Starting Young Dogs on Wild Boar
  • Hey everyone, I know that this won't necessarily apply to all of the forums members but hopefully it becomes at least an interesting thread :) .

    So I'm living in Italy now, and this Friday I'll be picking up two European Boar piglets to see if my American Akita has any hunt in her, and to see what my other Malinois/Curr dog does around boar.

    I'm pretty excited and looking forward to it since I've never attempted to train a boar dog before. When I get some pictures of the piglets on Friday I'll post a comment updating the thread with the pictures.

    Anyways, I have a separate pig pen built for them and am constructing a baying pen this week for the practice sessions. There's a few questions that I was hoping that some members of the forum who might have experience with this would be able to answer.

    How did you introduce your dogs to boar? I figure that using a crate, and only doing short sessions would be a pretty good way. Since I have experience with upland bird hunting dogs, and with building prey in schutzhund I have an idea of how to approach it but I wasn't sure if there was anything specific to boar hunting that would be suggested.

    How did you train your dog to not chase other game when you're running after boar? Do your dogs focus solely on the boar while ignoring the deer, squirrel, fox, rabbit, etc?

    What would you suggest I feed the boar while they grow up? I do plan to butcher the boar, so I would be more than willing to put in the extra care of selecting a diet that would best compliment the flavor of the meat.

  • T_DogT_Dog
    Posts: 331
    Don't know much about it. But it could be like training a coon dog, you would hafta obviously teach it to sent them out then reward them for finding it.
  • @T_Dog yea I guess I was just wondering how, since NK already have such difficult recall, you would work on ensuring the dog only hunted boar without being heavy handed or using a shock collar when they go off after something else.

    @WrylyBrindle have you had an issue with your Kai going off the deer trail and tracking other animals?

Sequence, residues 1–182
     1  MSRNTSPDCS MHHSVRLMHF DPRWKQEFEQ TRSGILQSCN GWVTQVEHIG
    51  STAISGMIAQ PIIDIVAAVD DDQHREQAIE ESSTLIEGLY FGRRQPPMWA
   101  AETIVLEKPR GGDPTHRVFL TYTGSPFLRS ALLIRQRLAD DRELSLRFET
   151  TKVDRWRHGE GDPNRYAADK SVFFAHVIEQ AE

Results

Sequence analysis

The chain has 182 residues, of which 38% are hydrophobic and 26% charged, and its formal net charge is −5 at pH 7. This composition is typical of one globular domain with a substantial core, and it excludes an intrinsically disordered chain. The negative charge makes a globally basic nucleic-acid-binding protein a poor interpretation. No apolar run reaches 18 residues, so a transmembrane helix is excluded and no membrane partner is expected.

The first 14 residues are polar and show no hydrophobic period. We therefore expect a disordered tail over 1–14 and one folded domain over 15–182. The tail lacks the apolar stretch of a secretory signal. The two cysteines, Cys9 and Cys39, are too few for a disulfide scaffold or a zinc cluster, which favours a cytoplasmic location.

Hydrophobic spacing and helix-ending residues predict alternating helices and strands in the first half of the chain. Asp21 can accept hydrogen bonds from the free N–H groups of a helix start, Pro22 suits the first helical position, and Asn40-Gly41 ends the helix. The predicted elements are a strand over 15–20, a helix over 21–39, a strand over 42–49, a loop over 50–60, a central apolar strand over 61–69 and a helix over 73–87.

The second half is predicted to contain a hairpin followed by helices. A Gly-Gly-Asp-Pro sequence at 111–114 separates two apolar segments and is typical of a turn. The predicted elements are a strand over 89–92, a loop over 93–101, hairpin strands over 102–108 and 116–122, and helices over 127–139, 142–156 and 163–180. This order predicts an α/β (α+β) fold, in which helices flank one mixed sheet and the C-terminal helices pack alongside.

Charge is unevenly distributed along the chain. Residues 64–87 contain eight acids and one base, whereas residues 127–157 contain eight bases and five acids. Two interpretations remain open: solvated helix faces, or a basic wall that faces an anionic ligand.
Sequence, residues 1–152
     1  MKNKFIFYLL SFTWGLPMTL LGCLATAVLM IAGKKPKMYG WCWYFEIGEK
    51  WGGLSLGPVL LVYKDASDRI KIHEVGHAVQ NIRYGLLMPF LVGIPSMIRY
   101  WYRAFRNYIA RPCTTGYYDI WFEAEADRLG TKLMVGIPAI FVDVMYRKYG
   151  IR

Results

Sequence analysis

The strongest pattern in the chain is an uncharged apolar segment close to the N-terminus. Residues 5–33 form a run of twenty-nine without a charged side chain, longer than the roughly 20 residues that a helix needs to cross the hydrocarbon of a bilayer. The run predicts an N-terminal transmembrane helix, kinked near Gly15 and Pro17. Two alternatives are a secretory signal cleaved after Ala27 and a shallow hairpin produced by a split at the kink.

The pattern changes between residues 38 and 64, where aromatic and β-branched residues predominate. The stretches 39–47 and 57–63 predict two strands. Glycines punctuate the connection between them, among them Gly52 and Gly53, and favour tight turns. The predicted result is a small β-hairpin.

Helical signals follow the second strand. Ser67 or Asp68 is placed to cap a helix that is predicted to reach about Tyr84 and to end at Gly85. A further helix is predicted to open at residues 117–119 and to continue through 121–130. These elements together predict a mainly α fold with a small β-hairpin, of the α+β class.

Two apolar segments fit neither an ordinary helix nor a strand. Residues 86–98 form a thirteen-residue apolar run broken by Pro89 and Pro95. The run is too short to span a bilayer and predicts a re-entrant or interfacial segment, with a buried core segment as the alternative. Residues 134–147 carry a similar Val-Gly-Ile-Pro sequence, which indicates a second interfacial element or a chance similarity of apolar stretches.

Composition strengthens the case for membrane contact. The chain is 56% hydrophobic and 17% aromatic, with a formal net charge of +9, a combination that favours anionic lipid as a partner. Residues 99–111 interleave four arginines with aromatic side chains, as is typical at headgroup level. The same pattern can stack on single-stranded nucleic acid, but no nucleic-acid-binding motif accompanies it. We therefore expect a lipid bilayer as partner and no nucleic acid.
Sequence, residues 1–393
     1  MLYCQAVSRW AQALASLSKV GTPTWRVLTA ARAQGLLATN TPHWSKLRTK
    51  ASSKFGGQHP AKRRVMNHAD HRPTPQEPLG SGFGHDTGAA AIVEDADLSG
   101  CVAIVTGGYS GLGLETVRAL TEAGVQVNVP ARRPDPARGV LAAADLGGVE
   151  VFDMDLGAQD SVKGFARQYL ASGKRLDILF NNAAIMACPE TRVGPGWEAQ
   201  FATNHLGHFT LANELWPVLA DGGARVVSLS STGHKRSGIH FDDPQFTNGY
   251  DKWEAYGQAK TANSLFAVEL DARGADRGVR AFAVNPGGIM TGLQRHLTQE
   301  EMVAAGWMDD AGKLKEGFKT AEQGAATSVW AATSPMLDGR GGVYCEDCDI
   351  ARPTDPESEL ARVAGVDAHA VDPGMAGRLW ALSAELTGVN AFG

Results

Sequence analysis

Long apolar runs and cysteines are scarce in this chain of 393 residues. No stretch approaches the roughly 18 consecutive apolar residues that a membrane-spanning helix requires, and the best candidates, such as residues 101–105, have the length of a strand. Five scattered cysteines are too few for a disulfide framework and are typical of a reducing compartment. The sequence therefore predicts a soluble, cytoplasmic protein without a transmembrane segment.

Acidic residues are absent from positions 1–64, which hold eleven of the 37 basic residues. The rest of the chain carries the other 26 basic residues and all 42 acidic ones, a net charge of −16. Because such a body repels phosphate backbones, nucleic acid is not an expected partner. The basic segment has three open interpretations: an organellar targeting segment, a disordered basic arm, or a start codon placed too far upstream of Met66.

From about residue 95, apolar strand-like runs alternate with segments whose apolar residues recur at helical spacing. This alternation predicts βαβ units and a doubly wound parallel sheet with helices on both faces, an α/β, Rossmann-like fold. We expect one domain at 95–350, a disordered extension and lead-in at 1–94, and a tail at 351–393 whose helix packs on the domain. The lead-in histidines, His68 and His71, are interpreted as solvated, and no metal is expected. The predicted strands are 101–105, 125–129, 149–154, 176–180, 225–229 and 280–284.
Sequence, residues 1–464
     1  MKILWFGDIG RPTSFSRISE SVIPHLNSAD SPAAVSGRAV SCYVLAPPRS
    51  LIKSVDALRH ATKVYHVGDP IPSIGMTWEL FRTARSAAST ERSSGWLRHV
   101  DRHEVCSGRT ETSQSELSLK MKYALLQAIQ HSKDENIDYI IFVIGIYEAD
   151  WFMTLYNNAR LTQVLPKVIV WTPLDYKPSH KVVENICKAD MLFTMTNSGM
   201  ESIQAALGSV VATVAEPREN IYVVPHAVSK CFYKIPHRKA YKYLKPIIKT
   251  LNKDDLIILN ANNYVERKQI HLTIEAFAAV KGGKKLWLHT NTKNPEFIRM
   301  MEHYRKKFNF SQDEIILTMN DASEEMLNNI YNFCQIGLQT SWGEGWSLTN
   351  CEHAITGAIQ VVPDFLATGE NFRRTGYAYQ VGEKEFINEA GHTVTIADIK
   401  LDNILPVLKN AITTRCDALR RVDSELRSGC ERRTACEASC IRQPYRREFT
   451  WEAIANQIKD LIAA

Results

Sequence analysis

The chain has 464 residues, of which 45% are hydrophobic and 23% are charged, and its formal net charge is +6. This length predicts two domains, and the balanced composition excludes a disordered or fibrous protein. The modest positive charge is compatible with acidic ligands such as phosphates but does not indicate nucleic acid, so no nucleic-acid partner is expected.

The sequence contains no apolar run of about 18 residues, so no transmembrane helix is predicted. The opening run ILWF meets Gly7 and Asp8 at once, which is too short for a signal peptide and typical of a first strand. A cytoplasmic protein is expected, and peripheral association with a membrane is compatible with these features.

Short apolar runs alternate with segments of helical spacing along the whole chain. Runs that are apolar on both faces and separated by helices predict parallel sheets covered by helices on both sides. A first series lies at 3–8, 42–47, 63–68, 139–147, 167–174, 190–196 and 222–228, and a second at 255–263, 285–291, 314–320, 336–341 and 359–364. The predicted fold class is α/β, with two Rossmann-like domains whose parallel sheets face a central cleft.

• T_DogT_Dog
    Posts: 331

    I can't see my Akita doing this, because I think they might decide to tell other dogs that it's their boar. I think they might fight over it. It sure looks like these dogs are enjoying themselves. The boat is not so much. Lol

    I suppose the owner would need a good recall otherwise their dog might chase a bore for miles. Leaving the owner to search for his dog.

    I suppose other Akita have good recall. But none of mine ever have been good at it, especially under distraction.

    Did you see that one dog get hurt? Boars are tuff...
  • @TreySmith417
    On deer tracks she is on leash (that's what our state law allows) so No, but also Yes, because on our very first live call she did veer off once from a cold, rained out track after we lost blood and stopped to talk with a property owner who's land we thought it might have crossed (so after significant loss of tracking momentum) when she detected fresh turkey action and chose to follow that instead. She was super hot- wagging, whining and pulling! and led us to a spot full of disturbed leaves: turkey scratching after acorns. This is why we mark last blood so if we do go off on an inspired turkey trot, I can get her back on mission again.

    I don't blame her, since she is a bird dog first and a blood tracking dog second, but as her handler it is my job to know her indications of birds vs blood. When blood sign or deer tracks, hair etc are on track for her, she is very good at staying on track. She threw herself right in the river after a buck on one track. She's coming along well.

    For boar, you want to hang on for @TheWalrus or @shishiinu to advise you- they are the real hog hunters here!
    Post edited by WrylyBrindle at 2017-02-28 21:56:41
  • @T_Dog I think I've seen that video before from my searching around for what other people have pushed out in regards to training the pups. And yea right now my recall is pretty decent but I have to coax her into it by carrying food on me and making sure that I do the recall before she spots something more interesting. I have her pull a 30 foot tracking lead when we're going through the fields and what not just in case. I know she's not ready for an actual hunt, we still have a lot of training to do.